Poor administration, perhaps the greatest weakness in the American educational system, can be corrected with a disarmingly simple solution: Revise the structure by reconstituting the governing bodies from the present tandem of school boards and school administrators to a triumvirate of school boards, school administrators -- and teachers.
The present virtually universal arrangements are far weaker than even a well-informed lay person is likely to imagine. School boards elected by their fellow citizens can usually devote themselves to their responsibilities only on a part-time basis. They have to have agents to carry out their decisions, and those agents are the administrative staffs -- superintendent, assistant suprintendents, principals, assistant principals, department chairpersons, and so on -- hired to run the schools and carry out the wishes of the community through their elected representatives on the school boards.
But there's the rub. The school administrators, by and large, are often less competnet to do what they do than are the teachers over whom they have charge to do what they do: teach.
Whatever objections some people may have to particular teachers or to do the profession in general as a repository of so-called incompetents who couldn't do anything else -- the fact is that, if an individual has a talent to teach, he or she will be attracted more to the teaching than other professions.
However, if an individual has a proclivity to adminsitrate, the educational field is not so obvious or natural an outlet for his or her inclinations. Although we may know some able educational administrators, we probably don't know many. We may know some charming or intelligent administrators or some politically senstivie ones, but only a small minority are truly capable at administration.
The reason is that people generally become educational administrators for the wrong reasons. Some are failed teachers who, unable to function successfully in the class-room, remain in education as administrators by taking enough graduate courses to "qualify" them for state certification in administration.
Some are brilliant teachers who are rewarded for their excellence by being "promoted" into adminsitrative positions. Another group are athletic coaches who are eased into administrative positions through an old-boy network of other former athletic coaches, often abetted, when they produce winning teams, by jubilant, vocal citizens taking pride in their success on the field.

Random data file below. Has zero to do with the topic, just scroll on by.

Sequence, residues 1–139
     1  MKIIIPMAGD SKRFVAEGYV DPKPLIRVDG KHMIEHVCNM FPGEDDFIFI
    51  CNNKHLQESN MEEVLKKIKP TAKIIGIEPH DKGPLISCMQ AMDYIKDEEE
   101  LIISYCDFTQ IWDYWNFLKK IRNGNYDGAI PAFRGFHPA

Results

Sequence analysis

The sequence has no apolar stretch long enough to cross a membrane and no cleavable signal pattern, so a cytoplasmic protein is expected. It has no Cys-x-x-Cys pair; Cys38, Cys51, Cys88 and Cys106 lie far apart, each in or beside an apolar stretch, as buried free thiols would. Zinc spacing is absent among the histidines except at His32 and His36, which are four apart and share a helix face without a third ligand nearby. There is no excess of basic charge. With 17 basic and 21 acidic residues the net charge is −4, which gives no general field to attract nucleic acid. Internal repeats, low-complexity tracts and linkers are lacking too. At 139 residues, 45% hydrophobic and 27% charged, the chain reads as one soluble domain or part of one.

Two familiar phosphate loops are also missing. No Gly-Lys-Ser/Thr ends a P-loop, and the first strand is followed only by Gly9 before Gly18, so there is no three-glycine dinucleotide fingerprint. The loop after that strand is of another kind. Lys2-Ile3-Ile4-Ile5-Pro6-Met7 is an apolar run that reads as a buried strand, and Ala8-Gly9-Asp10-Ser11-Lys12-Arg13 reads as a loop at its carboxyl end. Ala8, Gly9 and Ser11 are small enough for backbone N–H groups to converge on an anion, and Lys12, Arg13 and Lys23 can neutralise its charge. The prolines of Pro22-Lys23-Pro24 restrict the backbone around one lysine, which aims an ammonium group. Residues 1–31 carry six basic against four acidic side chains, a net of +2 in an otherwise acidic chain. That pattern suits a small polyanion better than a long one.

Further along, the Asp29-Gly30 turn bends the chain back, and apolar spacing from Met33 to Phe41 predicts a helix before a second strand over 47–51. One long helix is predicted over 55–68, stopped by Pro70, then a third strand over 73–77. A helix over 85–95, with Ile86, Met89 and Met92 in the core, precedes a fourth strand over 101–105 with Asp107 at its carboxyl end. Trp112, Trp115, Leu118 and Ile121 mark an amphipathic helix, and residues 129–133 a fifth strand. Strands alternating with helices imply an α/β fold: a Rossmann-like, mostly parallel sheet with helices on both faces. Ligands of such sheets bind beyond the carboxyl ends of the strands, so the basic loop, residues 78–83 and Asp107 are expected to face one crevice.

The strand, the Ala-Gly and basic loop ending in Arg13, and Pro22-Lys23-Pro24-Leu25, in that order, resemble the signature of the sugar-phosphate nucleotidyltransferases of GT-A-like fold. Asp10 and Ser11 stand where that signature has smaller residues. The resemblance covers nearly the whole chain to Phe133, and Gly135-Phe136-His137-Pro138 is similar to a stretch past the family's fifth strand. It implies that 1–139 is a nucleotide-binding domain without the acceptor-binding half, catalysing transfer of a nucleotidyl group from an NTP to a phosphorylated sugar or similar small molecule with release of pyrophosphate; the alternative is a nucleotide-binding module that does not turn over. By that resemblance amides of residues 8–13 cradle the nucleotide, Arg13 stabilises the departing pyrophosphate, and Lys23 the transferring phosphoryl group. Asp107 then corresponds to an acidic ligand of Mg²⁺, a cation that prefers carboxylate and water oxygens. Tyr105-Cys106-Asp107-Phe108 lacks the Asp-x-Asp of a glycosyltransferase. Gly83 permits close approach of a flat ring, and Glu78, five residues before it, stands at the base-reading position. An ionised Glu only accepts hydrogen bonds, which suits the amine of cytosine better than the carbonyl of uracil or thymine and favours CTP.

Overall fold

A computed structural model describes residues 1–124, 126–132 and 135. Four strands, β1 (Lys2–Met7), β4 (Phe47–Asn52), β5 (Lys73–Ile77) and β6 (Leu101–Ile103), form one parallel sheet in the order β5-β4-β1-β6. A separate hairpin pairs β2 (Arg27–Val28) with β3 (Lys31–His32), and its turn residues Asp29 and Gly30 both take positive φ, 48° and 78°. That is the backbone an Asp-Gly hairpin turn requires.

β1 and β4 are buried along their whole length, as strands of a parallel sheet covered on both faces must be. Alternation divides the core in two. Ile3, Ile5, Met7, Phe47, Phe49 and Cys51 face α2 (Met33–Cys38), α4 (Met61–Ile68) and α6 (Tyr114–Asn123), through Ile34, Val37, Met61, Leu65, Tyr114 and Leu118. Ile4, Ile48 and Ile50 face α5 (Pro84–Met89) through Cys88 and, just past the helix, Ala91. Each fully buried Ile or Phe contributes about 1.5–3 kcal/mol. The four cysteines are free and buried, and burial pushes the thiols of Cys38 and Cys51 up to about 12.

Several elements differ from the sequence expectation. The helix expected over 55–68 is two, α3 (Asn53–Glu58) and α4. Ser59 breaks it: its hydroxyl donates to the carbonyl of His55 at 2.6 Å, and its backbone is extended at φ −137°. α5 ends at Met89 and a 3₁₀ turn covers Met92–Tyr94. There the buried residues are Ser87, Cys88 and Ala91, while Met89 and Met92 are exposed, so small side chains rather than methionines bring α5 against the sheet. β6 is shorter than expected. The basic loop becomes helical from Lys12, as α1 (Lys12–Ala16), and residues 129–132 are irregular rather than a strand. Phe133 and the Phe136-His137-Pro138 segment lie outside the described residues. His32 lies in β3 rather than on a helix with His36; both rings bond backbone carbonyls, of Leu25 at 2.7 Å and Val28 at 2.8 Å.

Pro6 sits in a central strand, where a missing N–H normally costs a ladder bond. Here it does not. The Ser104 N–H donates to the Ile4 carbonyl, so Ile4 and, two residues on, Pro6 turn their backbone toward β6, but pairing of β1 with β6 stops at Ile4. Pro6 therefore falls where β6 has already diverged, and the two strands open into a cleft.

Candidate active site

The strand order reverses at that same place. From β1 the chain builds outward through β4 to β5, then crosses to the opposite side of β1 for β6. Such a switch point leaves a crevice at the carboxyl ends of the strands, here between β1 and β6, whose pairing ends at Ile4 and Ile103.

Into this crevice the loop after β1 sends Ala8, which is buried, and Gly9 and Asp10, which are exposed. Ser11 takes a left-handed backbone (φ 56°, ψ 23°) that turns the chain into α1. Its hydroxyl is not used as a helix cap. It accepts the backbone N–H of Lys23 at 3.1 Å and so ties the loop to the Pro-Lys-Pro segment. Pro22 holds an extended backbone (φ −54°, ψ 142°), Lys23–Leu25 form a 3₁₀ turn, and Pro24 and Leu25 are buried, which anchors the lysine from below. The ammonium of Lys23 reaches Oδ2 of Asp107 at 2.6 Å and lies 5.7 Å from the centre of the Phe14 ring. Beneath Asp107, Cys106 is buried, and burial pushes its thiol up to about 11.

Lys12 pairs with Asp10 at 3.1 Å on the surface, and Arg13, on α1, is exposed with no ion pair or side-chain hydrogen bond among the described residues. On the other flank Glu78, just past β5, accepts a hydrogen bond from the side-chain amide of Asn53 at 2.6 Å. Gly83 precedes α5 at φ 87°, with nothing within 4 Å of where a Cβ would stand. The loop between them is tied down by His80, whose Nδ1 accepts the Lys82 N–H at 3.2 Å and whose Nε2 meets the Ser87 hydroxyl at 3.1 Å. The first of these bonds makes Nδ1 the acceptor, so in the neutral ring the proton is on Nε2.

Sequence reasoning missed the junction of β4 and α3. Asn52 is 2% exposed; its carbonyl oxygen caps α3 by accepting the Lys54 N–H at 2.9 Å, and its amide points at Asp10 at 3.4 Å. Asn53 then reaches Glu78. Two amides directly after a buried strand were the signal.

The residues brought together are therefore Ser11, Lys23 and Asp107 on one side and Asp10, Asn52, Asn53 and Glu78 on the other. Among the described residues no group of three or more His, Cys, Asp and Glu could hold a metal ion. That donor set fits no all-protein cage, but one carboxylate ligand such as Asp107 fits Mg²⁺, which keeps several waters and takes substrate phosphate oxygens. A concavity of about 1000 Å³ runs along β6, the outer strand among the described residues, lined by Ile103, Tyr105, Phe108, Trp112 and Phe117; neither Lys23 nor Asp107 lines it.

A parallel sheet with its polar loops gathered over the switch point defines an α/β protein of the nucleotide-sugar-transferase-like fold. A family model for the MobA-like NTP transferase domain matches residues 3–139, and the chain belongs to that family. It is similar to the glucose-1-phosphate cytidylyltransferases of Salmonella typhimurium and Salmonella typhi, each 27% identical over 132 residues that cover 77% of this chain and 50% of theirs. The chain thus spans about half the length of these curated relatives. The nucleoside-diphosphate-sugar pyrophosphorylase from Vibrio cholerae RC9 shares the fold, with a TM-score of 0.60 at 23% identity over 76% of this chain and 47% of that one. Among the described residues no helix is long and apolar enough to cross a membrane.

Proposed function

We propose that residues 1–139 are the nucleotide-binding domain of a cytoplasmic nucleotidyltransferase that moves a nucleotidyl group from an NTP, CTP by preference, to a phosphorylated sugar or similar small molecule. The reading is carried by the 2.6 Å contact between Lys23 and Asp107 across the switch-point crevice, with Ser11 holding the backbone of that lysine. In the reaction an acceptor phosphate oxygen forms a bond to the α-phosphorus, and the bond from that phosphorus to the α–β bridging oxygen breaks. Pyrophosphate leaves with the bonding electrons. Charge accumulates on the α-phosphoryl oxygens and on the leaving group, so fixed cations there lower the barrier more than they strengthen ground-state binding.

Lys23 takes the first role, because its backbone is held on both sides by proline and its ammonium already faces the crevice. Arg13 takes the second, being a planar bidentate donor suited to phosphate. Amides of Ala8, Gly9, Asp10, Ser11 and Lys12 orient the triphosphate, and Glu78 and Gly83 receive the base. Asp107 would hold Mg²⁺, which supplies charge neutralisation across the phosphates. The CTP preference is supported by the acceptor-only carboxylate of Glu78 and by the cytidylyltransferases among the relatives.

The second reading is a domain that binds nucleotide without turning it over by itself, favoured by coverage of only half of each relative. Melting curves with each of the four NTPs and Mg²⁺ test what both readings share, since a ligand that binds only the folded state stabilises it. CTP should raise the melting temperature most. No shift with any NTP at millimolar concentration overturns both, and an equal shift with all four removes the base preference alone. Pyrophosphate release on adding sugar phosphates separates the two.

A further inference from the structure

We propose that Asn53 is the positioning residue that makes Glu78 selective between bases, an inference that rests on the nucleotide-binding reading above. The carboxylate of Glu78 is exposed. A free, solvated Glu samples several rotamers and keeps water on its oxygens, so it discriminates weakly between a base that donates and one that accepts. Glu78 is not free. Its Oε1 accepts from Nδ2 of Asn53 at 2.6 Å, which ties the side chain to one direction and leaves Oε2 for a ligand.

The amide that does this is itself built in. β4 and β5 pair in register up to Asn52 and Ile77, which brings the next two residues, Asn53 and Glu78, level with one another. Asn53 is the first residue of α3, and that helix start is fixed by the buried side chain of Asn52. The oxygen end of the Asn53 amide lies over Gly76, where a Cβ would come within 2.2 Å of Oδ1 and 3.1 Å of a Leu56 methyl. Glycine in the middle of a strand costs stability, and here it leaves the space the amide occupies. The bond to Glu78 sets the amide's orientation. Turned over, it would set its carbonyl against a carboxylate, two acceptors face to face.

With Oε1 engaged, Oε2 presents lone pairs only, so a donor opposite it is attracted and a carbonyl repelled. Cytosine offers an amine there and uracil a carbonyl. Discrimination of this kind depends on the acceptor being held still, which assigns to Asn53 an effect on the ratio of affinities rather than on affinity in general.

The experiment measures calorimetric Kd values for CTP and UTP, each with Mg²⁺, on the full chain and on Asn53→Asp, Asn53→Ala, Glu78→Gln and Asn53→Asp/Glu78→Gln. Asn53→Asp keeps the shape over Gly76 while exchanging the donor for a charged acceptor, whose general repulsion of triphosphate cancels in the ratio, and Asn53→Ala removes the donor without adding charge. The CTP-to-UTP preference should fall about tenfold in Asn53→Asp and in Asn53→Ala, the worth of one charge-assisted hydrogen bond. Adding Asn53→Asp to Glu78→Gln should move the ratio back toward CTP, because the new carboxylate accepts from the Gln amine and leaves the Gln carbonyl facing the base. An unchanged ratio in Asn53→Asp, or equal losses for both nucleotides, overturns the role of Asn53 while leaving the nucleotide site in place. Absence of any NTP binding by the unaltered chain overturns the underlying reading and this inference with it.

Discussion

Any of these paths may, through coincidence, produce an able administrator, bu they aren't likely to do so. Many school systems are left with administrators of dubious competence, and it is upon them that school boards must rely. The basic way incompetent administrators try to cope is by resorting to rigid control of their staffs -- "running a tight ship" -- rather than working with them in a genuinely collegial fashion.
The virtuous aura of "firm control" is a temptingly easy trap for the often harried school boards to fall into. But such control often inhibits education and leads to militant teacher unions and an adversary atmostphere that stultifies. This condition is exacerbated by a host of extraneous but intertwined problems like inflation, social and ethnic pressures, and demographic changes.
The answer lies in broadening the governing structure by bringing in the now-excluded teachers -- just as workers have been brought successfully into decisionmaking in a variety of other enterprises. Obviously such teacher representatives would have to be elected by and from among the teaching staff to ensure their freedom from domination by administrators or school boards.
This approach to running education would help dissolve a corrosive adversary atmosphere, open up the way for greater cooperation, and foster the harnessing of now largely untapped energies and abilities.